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THE BOYS OF POINTE DU HOC by Douglas Brinkley

THE BOYS OF POINTE DU HOC

Ronald Reagan, D-Day, and the U.S. Army 2nd Ranger Battalion

By Douglas Brinkley

Pub Date: June 1st, 2005
ISBN: 0-06-056527-6
Publisher: Morrow/HarperCollins

If Ronald Reagan hadn’t been president, no one would remember WWII.

That is, writes prolific historian Brinkley (Rosa Parks, 2000, etc.), if it had not been for two speeches Reagan gave in Normandy on June 6, 1984, in commemoration of the 40th anniversary of the Allied landings, “there may never have been Stephen Ambrose’s Band of Brothers, Tom Brokaw’s The Greatest Generation, Steven Spielberg’s Saving Private Ryan, or numerous memorials—like the National D-Day Museum in New Orleans—built to exalt the citizen soldiers who liberated Europe.” The counterfactual tragedy that a whole publishing and filmmaking niche might never have been filled did not come to pass, thanks largely to the efforts of speechwriter Peggy Noonan (and, secondarily, Anthony Dolan), who gave Reagan his words on that historic day. (To his credit, writes Brinkley, Reagan worried that the French government’s awarding him the Légion d’Honneur would give him military credentials that he did not have. To his discredit, Bitburg was just around the corner.) Brinkley tells two sometimes uneasily interlocking stories. The first is that of the Ranger unit that scaled a cliff and destroyed a Nazi artillery battery, then warded off a series of counterattacks; of the 225 members of the unit, Brinkley notes, “only 99 survived the amphibious assault.” The second concerns Noonan’s campaign to interview surviving members of the 2nd Ranger Battalion and craft memorable words for the president to commemorate the event, which she did with great care and to great effect. Tracing the lineage of the speech, Brinkley gives a special nod to Time columnist Lance Morrow, from whom Noonan borrowed heavily; it was he who evoked Shakespeare’s “band of brothers” speech in Henry V, a notion that bore fruit in Steven Ambrose’s book of that title published eight years later—and set off a fresh wave of interest in WWII and its aging veterans.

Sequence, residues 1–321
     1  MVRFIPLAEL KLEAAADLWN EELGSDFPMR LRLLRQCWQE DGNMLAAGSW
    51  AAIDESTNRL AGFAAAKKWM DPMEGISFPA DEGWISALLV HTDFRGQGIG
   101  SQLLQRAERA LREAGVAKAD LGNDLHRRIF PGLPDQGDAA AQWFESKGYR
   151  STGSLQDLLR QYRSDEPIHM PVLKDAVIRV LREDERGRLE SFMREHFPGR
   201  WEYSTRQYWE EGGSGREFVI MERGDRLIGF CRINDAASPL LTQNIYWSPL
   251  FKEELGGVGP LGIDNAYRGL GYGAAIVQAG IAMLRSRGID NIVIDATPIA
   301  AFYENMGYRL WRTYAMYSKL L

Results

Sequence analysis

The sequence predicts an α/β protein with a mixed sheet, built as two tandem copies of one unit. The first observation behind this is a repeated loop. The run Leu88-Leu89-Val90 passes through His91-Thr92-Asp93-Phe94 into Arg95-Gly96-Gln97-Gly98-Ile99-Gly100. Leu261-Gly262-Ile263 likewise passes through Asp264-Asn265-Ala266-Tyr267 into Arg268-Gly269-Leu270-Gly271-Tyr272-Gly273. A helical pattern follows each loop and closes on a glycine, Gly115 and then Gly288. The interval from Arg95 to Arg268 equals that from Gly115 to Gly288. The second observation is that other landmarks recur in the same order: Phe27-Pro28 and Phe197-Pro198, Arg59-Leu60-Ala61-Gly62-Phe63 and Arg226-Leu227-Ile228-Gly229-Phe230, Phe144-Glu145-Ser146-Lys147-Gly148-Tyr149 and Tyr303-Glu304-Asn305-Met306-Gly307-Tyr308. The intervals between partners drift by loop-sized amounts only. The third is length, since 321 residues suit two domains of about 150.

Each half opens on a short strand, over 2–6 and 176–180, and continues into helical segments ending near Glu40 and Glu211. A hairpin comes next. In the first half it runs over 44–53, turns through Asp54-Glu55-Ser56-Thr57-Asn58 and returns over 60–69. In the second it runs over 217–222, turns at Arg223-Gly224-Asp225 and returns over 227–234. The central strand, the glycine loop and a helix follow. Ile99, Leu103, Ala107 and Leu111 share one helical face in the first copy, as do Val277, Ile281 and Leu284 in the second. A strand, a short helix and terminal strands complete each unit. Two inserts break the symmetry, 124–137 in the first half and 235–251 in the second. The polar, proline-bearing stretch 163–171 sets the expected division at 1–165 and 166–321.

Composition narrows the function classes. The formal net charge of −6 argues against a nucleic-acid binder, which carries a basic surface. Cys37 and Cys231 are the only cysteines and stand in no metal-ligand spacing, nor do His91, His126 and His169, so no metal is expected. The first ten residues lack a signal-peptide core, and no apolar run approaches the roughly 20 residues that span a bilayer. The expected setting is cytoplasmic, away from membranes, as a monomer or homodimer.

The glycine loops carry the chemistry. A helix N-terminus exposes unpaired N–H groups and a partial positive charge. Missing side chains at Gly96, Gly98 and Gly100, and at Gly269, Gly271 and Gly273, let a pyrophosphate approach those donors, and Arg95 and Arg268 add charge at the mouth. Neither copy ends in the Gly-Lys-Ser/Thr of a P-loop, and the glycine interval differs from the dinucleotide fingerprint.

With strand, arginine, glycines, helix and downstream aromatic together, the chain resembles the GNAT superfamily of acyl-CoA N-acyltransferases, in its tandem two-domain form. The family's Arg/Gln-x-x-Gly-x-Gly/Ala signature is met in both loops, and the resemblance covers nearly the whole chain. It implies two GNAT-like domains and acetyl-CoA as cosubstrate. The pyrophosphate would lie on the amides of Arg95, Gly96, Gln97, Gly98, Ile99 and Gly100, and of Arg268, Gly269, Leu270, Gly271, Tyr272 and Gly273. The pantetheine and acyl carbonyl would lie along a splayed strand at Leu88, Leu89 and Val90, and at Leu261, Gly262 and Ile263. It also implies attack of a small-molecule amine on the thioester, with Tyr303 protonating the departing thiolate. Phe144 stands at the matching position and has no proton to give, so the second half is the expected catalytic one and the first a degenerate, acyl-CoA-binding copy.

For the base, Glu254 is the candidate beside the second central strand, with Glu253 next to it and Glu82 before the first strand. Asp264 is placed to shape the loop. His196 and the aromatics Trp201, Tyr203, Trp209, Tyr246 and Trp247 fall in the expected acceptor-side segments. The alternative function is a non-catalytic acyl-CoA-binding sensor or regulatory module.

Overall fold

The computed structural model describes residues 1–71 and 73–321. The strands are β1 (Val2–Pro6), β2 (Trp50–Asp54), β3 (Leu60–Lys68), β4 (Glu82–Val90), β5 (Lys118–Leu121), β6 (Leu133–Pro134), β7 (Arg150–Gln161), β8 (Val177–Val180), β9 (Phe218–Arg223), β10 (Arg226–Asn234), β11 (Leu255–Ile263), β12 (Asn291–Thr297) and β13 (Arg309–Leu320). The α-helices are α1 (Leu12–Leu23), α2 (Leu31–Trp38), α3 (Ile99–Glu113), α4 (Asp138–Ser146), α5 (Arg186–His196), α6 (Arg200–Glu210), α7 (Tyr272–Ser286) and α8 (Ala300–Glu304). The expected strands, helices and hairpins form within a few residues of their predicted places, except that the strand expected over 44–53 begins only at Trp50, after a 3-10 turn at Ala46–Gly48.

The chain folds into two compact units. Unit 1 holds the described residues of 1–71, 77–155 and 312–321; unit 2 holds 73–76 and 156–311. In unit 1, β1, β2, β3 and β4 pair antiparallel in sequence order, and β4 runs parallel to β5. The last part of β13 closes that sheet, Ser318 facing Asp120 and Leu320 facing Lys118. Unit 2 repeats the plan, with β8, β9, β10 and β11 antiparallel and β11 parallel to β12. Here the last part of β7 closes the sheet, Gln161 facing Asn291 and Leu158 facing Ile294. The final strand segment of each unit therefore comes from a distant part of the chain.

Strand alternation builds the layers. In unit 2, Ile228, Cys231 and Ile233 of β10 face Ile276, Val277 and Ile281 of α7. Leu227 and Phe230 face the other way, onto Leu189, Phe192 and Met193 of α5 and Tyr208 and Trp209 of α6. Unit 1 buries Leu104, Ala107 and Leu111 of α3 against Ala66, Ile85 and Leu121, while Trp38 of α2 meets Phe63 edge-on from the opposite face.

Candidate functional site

Thus, concludes Brinkley, “The story of D-Day as the pervasive metaphor for American bravery and goodness . . . endures for the ages to ponder.” He makes a solid case.